Residents of Den Amstel, West Coast Demerara woke up to about eight inches of floodwater in their yards yesterday after a problem with one of the pulleys on the village’s koker door prevented its closure during a pre-dawn high tide.
Although the floodwater started to recede by 7 am, more high tides were expected and residents feared a recurrence and worry about the effects on their farmlands and livestock. Residents were eventually given some relief last evening when they were told that the koker was fixed.
The Public Works Ministry had said that the highest tide during the current spring tides period—projected at 3.26m—was expected yesterday at 4.23 am and today at 5.12 am.
Den Amstel Resident Sharmaine Clark told Stabroek News that the sight of her flooded yard greeted her as she went to feed her chickens yesterday morning. “I wake up like 5 o’clock and now about to go and feed them chickens and when I buss the door is water in the whole yard. All in me backyard flood out,” Clark said.
When approached, the sluice attendant, who asked not to be named, said that the problem with the door is a simple one that could be fixed easily. He did not want to cast blame but added that he has been calling on the relevant authorities to provide lights for the koker since it is difficult to see anything at night.
“We tried our best to close the door but nothing was working. We need boards for the door. If we had some wooden boards, this wouldn’t have happened. The problem is the pulley, the left pulley from the western side of the door has a problem, and that caused the door to not close,” the attendant explained.
Quacy Henry, another resident, said that the last time the village flooded there was a pump to get the water out but it was at Windsor Forest yesterday. “We got a Regional Chairman but it’s like we ain’t get one,” he declared.
Henry added that the salt water is killing farmlands and what little livestock the residents possess.
Leroy James, who lives at 35 Back Street, Den Amstel, told Stabroek News that he woke up at about 3 am to use the washroom and he saw water everywhere. He said that the water started to recede at 7 in the morning. “I lose a big turkey to this flood. I coulda cook it yesterday if I know it would have died today,” James said.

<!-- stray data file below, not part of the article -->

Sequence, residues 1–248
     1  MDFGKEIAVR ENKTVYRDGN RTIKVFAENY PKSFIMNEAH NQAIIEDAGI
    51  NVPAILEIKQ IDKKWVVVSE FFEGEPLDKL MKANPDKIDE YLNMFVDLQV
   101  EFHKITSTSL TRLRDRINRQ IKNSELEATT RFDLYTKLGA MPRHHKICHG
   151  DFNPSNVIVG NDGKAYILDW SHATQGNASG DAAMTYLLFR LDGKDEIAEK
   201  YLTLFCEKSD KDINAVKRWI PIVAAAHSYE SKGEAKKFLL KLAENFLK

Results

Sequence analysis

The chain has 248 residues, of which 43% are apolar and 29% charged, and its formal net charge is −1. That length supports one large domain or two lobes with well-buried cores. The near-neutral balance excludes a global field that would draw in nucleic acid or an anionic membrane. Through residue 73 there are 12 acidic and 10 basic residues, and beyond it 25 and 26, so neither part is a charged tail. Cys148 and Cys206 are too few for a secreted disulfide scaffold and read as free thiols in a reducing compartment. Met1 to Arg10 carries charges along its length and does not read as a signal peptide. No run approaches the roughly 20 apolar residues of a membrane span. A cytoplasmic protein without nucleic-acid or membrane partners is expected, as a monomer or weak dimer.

By way of a public advisory on high tides, the Ministry of Public Works’ Works Services Group advised the general public to take all necessary precautions during the “spring tides period of June 21, 2013 to June 27, 2013.
“The predicted tide indicates above normal levels for this impending period,” it noted.
According to the advisory, the Sea and River Defence Department considers the following areas to be “particularly susceptible to possible flooding as a result of storm surges” that may induce overtopping of sea/river defence structures: Onderneeming, Johanna Cecelia/Zorg, Cullen/ Perseverance, Huis t’ Dieren/Airy Hall-Essequibo Coast; Zeelandia, Moor Farm, Marionville/ Bendorff-Wakenaam Island; Cane Garden, Blenheim/Endeavour, Success/Thierens-Leguan Island; Vreed-en-Hoop, Roterdam/ Crane, Anna Catherina/ Cornelia Ida, Groenveldt/ Leonora, Uitvlugt/De Willem, Parika, La Retraite-West Demerara, Salem/Sparta, East Bank Essequibo; Kitty, Georgetown to Ogle, East Coast Demerara, along the Mahaica River Banks – East Coast Demerara; Abary/Profit, Hope/ Washington-West Coast Berbice; and along the banks of the Berbice and Canje rivers.
In addition to these areas, the advisory said, all persons living along the banks of rivers and low lying coastal areas are advised to take all necessary precautions against possible flooding. It added that mariners, including those operating fishing vessels and larger vessels, should also take precaution. Further, use of breaches and foreshore areas for recreational purposes has also been cautioned against during this period.